Re: [rtcweb] Remote recording - RTC-Web client acting as SIPREC session recording client

Dzonatas Sol <> Thu, 25 August 2011 18:06 UTC

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Date: Thu, 25 Aug 2011 11:08:39 -0700
From: Dzonatas Sol <>
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Subject: Re: [rtcweb] Remote recording - RTC-Web client acting as SIPREC session recording client
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On 08/25/2011 10:14 AM, Matthew Kaufman wrote:
> On 8/25/2011 5:51 AM, Elwell, John wrote:
>> New requirements:
>> Fyy1: The browser MUST be able to send in real-time to a third party 
>> media that are being transmitted to and received from remote 
>> participants.
> This is a bad idea.
>> Ayy1: The web application MUST be able to ask the browser to transmit 
>> in real-time to a third party media that are being transmitted to
> Yes. It should be possible for the browser to send two copies of the 
> same media to two different places, possibly even with different 
> encoders.
>>   and received from remote participants
> But this is a bad idea. Providing APIs that let a browser send audio 
> that is being received from the other end to a third party open 
> several different cans of worms simultaneously. One is that there's 
> now another path by which a user's media may be sent, possibly without 
> the same security constraints, without their knowledge. Sure, a B2BUA 
> can do this as well, but it makes doing the wrong thing easier.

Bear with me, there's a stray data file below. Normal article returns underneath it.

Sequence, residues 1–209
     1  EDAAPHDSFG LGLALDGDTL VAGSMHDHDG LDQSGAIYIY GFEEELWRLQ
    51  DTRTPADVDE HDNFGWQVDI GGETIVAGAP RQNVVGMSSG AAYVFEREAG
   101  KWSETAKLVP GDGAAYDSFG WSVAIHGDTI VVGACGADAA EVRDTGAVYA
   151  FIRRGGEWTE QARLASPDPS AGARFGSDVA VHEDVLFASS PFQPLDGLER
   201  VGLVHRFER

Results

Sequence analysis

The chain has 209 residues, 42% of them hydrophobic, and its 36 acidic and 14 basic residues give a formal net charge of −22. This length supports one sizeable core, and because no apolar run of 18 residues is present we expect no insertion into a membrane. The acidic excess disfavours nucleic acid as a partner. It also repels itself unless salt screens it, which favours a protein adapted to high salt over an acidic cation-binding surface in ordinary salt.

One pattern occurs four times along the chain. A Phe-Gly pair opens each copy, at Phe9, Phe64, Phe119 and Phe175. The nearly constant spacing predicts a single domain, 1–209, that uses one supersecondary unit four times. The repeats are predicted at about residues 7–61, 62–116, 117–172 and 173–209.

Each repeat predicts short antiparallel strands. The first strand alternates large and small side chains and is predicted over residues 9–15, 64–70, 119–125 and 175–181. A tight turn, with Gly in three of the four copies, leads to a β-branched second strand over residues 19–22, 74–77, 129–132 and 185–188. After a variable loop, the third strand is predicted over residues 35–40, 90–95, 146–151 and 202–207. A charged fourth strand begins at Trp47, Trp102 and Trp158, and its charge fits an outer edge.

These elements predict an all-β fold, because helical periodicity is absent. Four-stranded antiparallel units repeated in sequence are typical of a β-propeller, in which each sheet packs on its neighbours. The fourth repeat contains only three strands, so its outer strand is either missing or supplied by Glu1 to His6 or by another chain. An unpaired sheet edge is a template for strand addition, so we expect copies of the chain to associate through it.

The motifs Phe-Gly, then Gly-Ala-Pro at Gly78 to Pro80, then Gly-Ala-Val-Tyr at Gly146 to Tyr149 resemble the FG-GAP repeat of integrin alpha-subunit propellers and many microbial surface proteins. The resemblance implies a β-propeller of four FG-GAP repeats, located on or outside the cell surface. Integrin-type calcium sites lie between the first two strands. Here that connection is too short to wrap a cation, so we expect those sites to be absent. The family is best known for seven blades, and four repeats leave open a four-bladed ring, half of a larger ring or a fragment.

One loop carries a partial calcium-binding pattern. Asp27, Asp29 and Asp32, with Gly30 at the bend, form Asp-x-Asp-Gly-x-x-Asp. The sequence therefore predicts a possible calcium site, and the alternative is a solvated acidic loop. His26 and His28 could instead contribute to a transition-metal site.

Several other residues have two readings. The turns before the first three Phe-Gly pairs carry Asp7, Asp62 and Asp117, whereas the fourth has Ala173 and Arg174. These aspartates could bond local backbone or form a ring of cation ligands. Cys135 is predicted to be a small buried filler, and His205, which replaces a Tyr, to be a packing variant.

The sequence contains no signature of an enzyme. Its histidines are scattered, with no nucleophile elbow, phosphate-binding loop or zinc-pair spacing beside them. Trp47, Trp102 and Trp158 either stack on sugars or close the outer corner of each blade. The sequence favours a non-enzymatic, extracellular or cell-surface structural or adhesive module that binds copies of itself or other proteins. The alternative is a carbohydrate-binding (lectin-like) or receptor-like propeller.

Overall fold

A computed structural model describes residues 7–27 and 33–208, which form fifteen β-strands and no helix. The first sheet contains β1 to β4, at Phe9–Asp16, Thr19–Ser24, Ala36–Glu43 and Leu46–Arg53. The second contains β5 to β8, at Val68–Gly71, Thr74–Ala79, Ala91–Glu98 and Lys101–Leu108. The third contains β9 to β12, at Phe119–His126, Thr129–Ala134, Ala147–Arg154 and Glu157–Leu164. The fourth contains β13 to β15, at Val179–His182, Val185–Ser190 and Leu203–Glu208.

> The bigger issue is that this essentially allows you to use a browser 
> as a media relay.

Or, ... picture in picture capability.

> This will be objected to in corporate (and some education) 
> environments where there are sound reasons for disallowing user 
> applications to take advantage of a high-bandwidth connection to relay 
> media for third parties. It also may result in unexpected resource 
> consumption on mobile platforms, where the user is paying in bandwidth 
> charges and battery life to relay media for a third party. And unless 
> implemented carefully, it can lead to relaying that is very unexpected 
> (a banner ad that doesn't ask for permission to use your camera and 
> microphone but does relay media for a third party while running).

The internet does not end at hyper-commercials over your regularly 
broadcasted network series.

Maybe browsers should be aware of the ads in prime schedules; pinpoint 
that junction.

> Not to mention all the protocol-level implications of being an RTP 
> mixer, if we're trying to stay true to that particular choice of 
> protocols.

My tone-deafness still desires "crystal-clear auido" (above 192Kbps per 
speaker), yet the browser narrowed that down to 192Kbps per stream and 
then that divides furthers into only some fraction per speaker. This has 
been hell with dysfunctional lectures due to sound quality, especially 
when ad-streams appear after links of interest activate.

Each speaker needs it's own IPv6 address, so we should imagine the 
browser provided by the speaker device, and paravirtualize for multiple 

Oh the days of elementary schools that use any speaker as two way 
communication seems almost over.

> Matthew Kaufman
> _______________________________________________
> rtcweb mailing list

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